Her success was so great that she was immediately booked for three more London concerts, a tour of Japan, and a television appearance. Engagements with the London Philharmonic, Berlin Philharmonic, and Cleveland Orchestra followed, firmly establishing her international career. Chung quickly gained recognition throughout the world as a high caliber performer. She was appearing with all of the major orchestras and conductors throughout North America, Europe, and the Far East. Asia Week contends that she was a leader in showing that Asians could master the western classical tradition, quoting Kyung Soo Won, the conductor of the Seoul Philharmonic Orchestra as saying, "Until she became a world-class violinist, it was only remotely possible for a Korean to achieve that kind of success. It was like a dream in the clouds. But she showed it was possible." In 1972, the South Korean government awarded her with their highest honor by presenting her with the Medal of Civil Merit. Kyung Soo Won stated in Asia Week that she has a skill and style all her own by saying, "Her tone and technique are unique. These days, young musicians all play the same, but she is markedly different from all the others."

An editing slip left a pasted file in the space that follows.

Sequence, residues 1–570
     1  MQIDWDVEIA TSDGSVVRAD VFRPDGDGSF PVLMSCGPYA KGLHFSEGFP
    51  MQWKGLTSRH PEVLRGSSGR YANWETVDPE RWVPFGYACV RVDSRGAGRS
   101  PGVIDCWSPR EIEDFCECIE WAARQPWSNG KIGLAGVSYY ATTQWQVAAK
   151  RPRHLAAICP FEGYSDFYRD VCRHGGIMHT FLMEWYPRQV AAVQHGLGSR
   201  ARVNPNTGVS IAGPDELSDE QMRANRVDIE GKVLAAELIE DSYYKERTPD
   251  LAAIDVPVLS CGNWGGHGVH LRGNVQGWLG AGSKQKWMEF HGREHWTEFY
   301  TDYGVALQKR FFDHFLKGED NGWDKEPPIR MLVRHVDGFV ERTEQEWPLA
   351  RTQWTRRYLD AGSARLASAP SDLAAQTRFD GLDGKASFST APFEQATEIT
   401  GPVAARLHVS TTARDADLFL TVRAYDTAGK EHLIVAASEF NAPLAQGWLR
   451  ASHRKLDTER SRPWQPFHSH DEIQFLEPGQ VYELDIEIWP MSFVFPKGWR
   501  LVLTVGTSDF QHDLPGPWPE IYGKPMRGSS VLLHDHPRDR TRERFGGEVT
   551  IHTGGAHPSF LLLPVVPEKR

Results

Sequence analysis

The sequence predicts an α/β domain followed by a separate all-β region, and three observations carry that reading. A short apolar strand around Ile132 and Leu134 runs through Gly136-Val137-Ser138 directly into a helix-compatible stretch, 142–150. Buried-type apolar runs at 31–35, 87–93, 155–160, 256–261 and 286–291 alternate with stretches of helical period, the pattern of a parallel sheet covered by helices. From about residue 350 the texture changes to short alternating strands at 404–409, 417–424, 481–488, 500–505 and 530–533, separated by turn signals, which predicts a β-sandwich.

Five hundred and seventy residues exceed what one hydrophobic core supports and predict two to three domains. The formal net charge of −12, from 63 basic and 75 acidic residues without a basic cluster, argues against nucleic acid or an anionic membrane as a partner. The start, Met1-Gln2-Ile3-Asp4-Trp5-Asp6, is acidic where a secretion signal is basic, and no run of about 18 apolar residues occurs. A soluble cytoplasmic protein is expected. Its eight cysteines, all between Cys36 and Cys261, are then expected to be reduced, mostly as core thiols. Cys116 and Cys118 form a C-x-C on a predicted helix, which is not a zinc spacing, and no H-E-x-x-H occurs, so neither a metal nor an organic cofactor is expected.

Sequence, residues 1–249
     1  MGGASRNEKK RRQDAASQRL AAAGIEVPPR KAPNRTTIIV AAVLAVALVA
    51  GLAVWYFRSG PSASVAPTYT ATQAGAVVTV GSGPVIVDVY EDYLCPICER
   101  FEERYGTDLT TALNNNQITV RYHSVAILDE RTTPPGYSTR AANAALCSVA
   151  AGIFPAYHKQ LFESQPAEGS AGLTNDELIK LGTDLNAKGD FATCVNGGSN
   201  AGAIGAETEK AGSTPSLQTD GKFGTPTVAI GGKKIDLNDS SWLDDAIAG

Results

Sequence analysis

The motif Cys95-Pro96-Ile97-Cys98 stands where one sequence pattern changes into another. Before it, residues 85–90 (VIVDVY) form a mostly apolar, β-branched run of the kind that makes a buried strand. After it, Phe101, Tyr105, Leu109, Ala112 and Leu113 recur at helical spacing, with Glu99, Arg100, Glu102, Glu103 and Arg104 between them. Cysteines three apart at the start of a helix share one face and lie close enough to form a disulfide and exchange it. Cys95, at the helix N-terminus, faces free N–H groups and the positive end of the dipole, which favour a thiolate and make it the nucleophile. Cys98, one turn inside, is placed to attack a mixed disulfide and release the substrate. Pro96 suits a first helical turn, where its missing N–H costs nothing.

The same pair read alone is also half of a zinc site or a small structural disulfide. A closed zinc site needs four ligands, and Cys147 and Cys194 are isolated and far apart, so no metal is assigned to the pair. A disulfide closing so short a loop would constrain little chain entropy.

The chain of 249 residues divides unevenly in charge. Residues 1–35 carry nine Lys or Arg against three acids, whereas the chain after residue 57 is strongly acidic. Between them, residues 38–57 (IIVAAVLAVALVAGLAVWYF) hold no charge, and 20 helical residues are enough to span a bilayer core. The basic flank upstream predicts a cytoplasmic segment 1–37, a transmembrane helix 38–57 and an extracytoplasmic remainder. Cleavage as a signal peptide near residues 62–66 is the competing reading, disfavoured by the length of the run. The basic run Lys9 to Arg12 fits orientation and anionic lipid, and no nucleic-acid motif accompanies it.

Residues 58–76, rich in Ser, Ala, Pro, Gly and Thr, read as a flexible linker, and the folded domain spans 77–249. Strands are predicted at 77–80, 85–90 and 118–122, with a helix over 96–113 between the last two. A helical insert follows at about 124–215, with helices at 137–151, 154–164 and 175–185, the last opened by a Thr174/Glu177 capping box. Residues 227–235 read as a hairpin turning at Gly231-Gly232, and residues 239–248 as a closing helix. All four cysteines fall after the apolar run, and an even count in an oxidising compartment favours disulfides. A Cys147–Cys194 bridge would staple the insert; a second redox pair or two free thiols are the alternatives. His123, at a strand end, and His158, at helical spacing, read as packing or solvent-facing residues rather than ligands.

Chung Changed the Rules